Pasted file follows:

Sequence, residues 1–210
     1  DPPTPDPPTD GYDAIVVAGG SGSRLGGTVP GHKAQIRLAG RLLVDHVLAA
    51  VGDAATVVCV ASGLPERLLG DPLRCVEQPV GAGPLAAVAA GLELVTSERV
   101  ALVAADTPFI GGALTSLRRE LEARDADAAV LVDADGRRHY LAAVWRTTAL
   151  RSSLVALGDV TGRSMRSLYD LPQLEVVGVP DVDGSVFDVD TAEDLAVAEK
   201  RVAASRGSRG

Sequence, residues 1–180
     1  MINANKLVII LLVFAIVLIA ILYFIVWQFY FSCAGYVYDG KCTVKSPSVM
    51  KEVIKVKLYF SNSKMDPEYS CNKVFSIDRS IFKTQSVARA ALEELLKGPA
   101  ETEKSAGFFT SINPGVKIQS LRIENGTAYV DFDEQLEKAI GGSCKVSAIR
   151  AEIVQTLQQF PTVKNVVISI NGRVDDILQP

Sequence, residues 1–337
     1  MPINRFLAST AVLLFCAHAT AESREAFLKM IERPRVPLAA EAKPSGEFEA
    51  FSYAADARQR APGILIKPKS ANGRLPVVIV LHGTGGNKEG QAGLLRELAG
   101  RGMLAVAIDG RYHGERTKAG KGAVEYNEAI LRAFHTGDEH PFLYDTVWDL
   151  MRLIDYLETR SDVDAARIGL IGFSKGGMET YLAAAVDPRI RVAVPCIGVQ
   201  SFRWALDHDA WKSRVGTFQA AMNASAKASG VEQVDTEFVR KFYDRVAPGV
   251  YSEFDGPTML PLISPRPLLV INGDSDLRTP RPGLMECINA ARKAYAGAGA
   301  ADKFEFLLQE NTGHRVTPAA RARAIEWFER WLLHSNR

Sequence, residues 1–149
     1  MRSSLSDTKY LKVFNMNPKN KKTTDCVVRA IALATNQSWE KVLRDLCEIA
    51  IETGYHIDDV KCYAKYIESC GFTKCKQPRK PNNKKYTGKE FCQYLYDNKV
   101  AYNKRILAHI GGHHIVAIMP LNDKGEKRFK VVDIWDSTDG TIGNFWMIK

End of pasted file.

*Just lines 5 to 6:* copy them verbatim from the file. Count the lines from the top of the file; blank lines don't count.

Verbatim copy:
   151  RSSLVALGDV TGRSMRSLYD LPQLEVVGVP DVDGSVFDVD TAEDLAVAEK
   201  RVAASRGSRG